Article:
|Rosetta and the Flower||Rosetta has some trouble in attempting to get a stubborn flower bud to open up. (This is the only webisode with two versions: one with dialogue and one without.)|
|Tink and the Bird||This one was shown once on ABC in their special airing of Walt Disney's Peter Pan.|
ReceptionThe film saw a brief theatrical release at the El Capitan Theatre between September 19 and October 2. It was shown on the Disney Channel on November 30 as part of "New in November". It was well-received by critics, with Rotten Tomatoes giving it an 86% approval rating. The film was released on DVD and Blu-ray Disc on October 28, 2008. In North America, 668,000 copies were sold on its first day of release, about 22 percent above previous estimations.
DVD sales brought in $52,201,882 in revenue for 3,347,686 units sold. At the time they also announced three direct-to-DVD sequels to follow this film, also digitally animated, with a fourth added to the list in 2009- Tinker Bell and the Lost Treasure (Autumn 2009), Tinker Bell and the Great Fairy Rescue (Autumn 2010), Tinker Bell and the Mysterious Winter Woods (Winter 2011) and Tinker Bell: Race Through the Seasons (working title, Winter 2012).
- ^ a b Disney A to Z Supplement, dated May 1, 2009, page 47. Accessed May 26, 2009.
- ^ a b http://www.the-numbers.com/movies/2008/0TIBE-DVD.php
- ^ a b "Director Frank Nissen on Cinderella III". Animated-Views.com. January 23, 2007. Retrieved January 28, 2007.
- ^ Disney (20 June 2006). "Brittany Murphy Gives Tinker Bell Her Voice". Press release. https://licensing.disney.com/Home/display.jsp?contentId=dcp_home_pressroom_pressreleases_dcp_home_pr_us_fairies_tink_voice_062006&forPrint=false&language=ja&preview=true&imageShow=0&pressRoom=ES&translationOf=null®ion=0&ccPK=dcp_home_pressroom_press_room_all_US. Retrieved 2010-07-02.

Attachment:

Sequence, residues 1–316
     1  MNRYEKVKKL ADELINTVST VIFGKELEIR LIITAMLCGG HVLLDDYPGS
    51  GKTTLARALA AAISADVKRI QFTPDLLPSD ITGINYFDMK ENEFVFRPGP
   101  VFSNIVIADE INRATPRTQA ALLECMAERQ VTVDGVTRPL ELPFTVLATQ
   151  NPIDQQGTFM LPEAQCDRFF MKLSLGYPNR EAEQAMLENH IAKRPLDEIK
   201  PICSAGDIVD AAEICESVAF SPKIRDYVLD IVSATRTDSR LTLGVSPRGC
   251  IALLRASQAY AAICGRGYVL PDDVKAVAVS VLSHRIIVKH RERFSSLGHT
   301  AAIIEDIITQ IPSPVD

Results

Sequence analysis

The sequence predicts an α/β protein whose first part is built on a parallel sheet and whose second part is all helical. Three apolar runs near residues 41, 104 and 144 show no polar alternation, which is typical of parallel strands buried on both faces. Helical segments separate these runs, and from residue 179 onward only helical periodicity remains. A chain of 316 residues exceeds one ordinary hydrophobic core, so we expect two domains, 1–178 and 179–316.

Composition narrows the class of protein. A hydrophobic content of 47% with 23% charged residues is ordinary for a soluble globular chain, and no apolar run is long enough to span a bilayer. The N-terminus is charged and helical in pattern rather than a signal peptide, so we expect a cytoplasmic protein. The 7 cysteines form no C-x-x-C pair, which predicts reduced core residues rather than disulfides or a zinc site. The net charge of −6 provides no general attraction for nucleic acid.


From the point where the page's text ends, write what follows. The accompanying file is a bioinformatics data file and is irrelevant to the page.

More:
- ^ Joseph Menn (21 December 2006). "Merchandise has less magic with delay of 'Tinker Bell'". Los Angeles Times. http://articles.latimes.com/2006/dec/21/business/fi-tinkerbell21.
- ^ "Variety.com"
- ^ IMDB news
- ^ o-meon: Tinker Bell: Return of the Dark Fairy By C. W. Oberleitner
- ^ "Tinkerbell Straight-To-DVD Release in Limbo". http://www.movieweb.com/dvd/news/77/20677.php.
- ^ Jim Hill
- ^ Dan Goldwasser (2008-07-09). "Joel McNeely scores Tinker Bell". ScoringSessions.com. http://www.scoringsessions.com/news/142. Retrieved 2008-07-09.
- ^ DisneyShopping.com
- ^ Ted Jackovics (1 November 2008). "Southwest Adds Pixie Dust In Deal With Disney". Tampa Tribune. http://www2.tbo.com/content/2008/nov/01/010000/bz-southwest-adds-pixie-dust-in-deal-with-disney/.
- ^ http://www.disney.go.com/dxd
- ^ Disney A to Z Supplement, dated May 1, 2009, page 47. Accessed May 26, 2009.
- ^ http://www.rottentomatoes.com/m/tinker_bell/
- ^ http://corporate.disney.go.com/news/corporate/2008/2008_0408_animation_roll_out.html Disney Animation plans 2008-2012
- ^ http://thedisneyblog.com/2008/10/31/sales-of-tinker-bell-movie-outperforming-expectations/
- ^ http://www.ultimatedisney.com/tinkerbell-losttreasure-pressrelease-1027.html
- Official website
- Tinker Bell at Allmovie
- Tinker Bell at the Big Cartoon DataBase
- Tinker Bell at the Internet Movie Database
- Scoring Session Photo Gallery at ScoringSessions.com
- Independent Review of Tinker-Bell